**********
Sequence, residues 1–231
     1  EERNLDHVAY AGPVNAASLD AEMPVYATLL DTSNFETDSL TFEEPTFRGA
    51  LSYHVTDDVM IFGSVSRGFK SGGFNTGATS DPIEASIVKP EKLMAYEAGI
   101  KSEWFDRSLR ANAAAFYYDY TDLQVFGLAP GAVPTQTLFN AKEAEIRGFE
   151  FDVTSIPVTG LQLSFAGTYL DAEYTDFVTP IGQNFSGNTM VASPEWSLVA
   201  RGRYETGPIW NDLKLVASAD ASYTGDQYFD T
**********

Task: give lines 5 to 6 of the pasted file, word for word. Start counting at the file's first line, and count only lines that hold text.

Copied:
   151  FDVTSIPVTG LQLSFAGTYL DAEYTDFVTP IGQNFSGNTM VASPEWSLVA
   201  RGRYETGPIW NDLKLVASAD ASYTGDQYFD T